With Congress focused on everything but taxes, you might not know that tax laws are changing right now simply through attrition. Many of the Bush tax cuts have already expired and some of the more significant provisions including everyone’s rates and brackets will be expiring in less than a year. Congress sits at the precipice of the first drop in a long election year roller coaster that will require the majority party to figure out how to handle expiring tax cuts put in place by the minority party while trying to balance the economy in the middle of a debt-funded, jobless recovery. In this post, let’s look at where we are, what we expect, and some of the rumors that are swirling around.
Where we are…
As of the first of this year, deductions for education tuition and fees, teaching supplies, state sales tax, and favorable deductions for certain asset purchases are gone. On the other hand, so is the Estate Tax. But the Estate Tax is set to come back next year at 2001 rates, meaning estate assets over $1 million dollars will be taxed up to a top rate of 60% starting in 2011.
Also set to come back next year are pre-2001 tax rates and brackets. That means that your income tax rates would jump between 3 and 13% depending on your income. The largest increases could actually affect a small portion of the middle class.
We still have the Making Work Pay credit which was a surprise to most taxpayers this year, even if they already knew about it. For those who didn’t know about it, it was a pleasant surprise that padded their refunds. For some who did know about it, it was an unpleasant surprise because they had adjusted their withholding too low. If you received $250 payments from the Government through Social Security or the military, this will reduce your Making Work Pay credit. Also, working spouses may be withholding at the lower credit rate even though combined their joint income makes them ineligible.
We also have enhanced education credits for students in their third and fourth year of college who have already taken the Hope Credit. You can read about the American Opportunity Tax Credit right here in our blog.
What we expect…
This is an election year. Expect Bush tax cuts for all the rates and brackets but the top two to be extended. Also, expect the the lapsed deductions mentioned above to be renewed as well. They probably won’t renew tax rates for the top two brackets because of the deficits we are facing. As far as the Estate Tax, it is still uncertain if enough of a consensus can be reached between the two sides to fix it before next year.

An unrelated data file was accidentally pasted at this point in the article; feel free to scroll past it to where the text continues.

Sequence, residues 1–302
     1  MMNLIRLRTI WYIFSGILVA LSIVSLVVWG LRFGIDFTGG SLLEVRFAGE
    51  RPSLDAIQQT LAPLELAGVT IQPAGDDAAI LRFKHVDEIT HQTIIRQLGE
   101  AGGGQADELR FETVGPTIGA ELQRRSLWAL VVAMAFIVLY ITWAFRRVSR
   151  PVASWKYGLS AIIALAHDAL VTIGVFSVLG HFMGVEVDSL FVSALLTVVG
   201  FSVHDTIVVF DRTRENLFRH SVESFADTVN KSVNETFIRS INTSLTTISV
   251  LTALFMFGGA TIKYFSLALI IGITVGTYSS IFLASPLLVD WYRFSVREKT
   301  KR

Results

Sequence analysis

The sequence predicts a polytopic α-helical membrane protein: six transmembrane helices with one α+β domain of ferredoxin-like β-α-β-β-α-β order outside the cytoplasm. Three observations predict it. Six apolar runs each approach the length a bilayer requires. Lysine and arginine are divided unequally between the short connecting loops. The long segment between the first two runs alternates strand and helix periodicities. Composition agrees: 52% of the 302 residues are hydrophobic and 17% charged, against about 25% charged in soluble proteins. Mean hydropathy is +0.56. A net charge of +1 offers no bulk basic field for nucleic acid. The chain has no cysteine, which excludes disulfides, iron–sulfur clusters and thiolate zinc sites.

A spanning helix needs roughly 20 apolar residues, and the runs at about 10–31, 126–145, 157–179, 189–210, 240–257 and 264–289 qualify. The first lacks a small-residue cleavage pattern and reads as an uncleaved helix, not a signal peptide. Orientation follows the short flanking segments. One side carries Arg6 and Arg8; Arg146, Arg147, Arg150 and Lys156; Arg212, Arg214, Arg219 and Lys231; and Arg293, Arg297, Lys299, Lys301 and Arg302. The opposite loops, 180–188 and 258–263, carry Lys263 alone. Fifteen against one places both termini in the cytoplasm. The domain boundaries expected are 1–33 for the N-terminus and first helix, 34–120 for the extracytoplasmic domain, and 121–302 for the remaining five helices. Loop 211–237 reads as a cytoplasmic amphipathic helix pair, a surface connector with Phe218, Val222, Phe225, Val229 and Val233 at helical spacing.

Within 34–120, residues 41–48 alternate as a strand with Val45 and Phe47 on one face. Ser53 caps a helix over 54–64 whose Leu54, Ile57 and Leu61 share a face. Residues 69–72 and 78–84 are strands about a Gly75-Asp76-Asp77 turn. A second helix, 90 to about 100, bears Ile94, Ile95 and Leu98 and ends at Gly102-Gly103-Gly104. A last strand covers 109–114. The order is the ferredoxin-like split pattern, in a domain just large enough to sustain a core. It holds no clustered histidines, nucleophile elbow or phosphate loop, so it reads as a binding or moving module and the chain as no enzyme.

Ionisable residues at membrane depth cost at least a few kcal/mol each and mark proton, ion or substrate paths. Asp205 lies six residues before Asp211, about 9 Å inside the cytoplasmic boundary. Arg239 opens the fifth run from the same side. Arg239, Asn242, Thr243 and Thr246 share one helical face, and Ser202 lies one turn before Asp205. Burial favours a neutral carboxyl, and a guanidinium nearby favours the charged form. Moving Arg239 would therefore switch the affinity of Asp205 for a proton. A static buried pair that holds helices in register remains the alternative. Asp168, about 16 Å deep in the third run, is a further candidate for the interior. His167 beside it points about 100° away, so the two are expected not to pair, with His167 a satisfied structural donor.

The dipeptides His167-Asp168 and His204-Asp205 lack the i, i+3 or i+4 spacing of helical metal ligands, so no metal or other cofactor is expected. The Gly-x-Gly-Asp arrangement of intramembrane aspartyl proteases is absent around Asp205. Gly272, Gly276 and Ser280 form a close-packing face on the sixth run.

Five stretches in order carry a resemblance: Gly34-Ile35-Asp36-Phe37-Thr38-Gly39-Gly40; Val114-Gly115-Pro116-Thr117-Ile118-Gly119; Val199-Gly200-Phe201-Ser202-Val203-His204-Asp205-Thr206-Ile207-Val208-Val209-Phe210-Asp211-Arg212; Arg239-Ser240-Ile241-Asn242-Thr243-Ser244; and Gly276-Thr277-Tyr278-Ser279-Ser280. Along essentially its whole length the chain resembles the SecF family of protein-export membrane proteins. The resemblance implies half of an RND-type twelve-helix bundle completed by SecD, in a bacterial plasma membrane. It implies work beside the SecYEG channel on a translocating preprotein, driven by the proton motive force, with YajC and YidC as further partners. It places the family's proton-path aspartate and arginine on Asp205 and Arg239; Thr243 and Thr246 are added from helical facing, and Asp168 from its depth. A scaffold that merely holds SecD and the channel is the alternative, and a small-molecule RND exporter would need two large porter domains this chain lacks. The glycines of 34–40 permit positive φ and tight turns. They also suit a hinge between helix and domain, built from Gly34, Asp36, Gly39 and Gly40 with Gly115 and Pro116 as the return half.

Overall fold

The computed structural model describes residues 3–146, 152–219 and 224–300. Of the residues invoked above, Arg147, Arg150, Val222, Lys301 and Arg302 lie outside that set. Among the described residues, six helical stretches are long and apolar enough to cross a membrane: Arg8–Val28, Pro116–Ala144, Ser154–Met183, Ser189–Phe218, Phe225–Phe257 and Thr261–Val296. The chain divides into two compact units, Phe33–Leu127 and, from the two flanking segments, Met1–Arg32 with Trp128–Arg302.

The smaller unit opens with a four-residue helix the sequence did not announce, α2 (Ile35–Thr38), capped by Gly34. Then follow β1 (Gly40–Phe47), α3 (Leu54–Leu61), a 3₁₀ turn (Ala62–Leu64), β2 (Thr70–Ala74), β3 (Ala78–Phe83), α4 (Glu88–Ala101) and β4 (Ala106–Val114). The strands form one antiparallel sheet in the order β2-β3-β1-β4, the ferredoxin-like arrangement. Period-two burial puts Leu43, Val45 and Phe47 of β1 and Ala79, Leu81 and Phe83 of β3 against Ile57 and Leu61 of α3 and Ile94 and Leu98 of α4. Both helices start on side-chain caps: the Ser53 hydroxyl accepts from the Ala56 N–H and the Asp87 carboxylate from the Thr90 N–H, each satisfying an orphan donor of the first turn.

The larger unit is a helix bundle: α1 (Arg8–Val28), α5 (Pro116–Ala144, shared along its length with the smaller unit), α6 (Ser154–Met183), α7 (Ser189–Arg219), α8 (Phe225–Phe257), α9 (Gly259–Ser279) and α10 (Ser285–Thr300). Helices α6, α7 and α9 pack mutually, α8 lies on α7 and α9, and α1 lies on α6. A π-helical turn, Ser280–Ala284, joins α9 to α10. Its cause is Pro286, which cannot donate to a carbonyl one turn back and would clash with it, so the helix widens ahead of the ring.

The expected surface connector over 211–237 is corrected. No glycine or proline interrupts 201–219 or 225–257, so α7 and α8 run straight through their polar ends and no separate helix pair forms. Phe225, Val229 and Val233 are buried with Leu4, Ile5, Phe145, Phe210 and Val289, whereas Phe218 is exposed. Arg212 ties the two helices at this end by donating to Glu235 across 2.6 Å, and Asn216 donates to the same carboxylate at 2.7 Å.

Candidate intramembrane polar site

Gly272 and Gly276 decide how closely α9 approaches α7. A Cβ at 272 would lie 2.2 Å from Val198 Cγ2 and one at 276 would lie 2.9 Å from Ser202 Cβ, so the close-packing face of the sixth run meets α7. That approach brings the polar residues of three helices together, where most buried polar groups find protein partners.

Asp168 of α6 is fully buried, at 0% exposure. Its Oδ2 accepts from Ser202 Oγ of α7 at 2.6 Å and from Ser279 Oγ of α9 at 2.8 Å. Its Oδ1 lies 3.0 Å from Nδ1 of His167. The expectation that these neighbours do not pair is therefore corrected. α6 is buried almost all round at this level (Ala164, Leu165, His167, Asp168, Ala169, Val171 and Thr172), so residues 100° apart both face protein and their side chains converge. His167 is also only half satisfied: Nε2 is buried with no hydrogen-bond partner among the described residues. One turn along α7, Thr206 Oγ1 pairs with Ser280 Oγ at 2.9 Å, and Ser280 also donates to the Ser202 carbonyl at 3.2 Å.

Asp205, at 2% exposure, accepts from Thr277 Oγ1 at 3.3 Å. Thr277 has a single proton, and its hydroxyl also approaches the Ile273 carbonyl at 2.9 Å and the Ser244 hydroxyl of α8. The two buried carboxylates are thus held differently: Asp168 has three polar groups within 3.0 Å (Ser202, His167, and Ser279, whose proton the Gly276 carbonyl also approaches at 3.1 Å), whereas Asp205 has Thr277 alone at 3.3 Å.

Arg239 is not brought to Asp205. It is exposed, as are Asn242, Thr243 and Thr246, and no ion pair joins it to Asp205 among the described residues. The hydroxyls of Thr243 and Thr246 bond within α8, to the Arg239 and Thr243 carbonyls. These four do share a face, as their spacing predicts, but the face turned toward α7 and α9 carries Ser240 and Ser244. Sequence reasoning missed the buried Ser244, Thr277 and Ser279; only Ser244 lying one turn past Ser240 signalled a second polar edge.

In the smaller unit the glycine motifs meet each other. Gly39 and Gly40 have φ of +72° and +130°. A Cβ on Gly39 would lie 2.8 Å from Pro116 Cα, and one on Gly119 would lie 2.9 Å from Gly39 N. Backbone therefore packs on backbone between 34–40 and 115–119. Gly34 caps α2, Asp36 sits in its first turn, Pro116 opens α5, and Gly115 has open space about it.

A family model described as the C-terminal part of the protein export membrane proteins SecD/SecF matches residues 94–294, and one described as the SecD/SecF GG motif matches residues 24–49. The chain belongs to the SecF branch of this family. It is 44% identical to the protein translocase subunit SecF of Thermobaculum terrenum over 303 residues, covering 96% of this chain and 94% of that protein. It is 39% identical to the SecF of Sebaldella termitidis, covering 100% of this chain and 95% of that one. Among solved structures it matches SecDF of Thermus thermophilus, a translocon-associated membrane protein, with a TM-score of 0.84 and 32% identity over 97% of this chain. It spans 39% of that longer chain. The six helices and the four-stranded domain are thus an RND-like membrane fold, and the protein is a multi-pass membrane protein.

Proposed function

The IRS needs money, but with the gridlock in Washington they will need to be more creative to bring those funds in. Expect a crackdown on misclassified sub-contract labor and “casual” labor. Also expect more audits. The IRS is going to perform 6,000 small business audits over the next three years to identify misclassified workers, fringe benefit errors, issues with executive pay, and backup withholding. Our advice is to get it right now before the agent comes to your door.
The Making Work Pay credit will likely be extended, if nothing else as cover for behind the scenes value added tax increases on energy, healthcare, and consumer products.
It’s not passed yet, but the Senate version of the jobs bill will likely reflect the tax changes in the final bill. This will mean an exemption for the employer portion of Social Security taxes on new employees who have been on the unemployment rolls for more than two months. It could also mean a $1,000 credit for every new employee retained for more than a year. Right now the Senate jobs bill is also the vehicle by which Congress is hoping to renew the lapsed deductions mentioned above. This bill is designed as an incentive to business owners who otherwise may not have had the financial means to hire. However, we are doubtful of the actual effectiveness of this tax break, especially if the current top two tax brackets are allowed to expire which would effectively raise taxes on anyone in a position to hire.
In addition to the expiration of the Bush tax cuts for the top two brackets, there are a few options on the table for funding Healthcare reform. One option is putting an additional surcharge of 5% on wage earners above $250,000. Another option just introduced in the latest version of Healthcare reform would be to extend Medicare taxes to investment income. Either choice is probably unpalatable in a recession economy. That doesn’t mean it won’t pass.
The specter of Cap and Trade taxes continues to loom in the distance. Estimates of the effect on families of Cap and Trade embedded taxes range anywhere between a couple hundred and a couple thousand dollars in increased energy costs per family. Although it is unlikely to see much movement in the near future and may never see the light of day depending on the November election results, Cap and Trade revenues are already written into next year’s budget. Even with Cap and Trade taxes factored in, we face a $1.6 trillion budget shortfall next year. Congress will be forced to either cut spending or increase taxes. My money is on tax increases.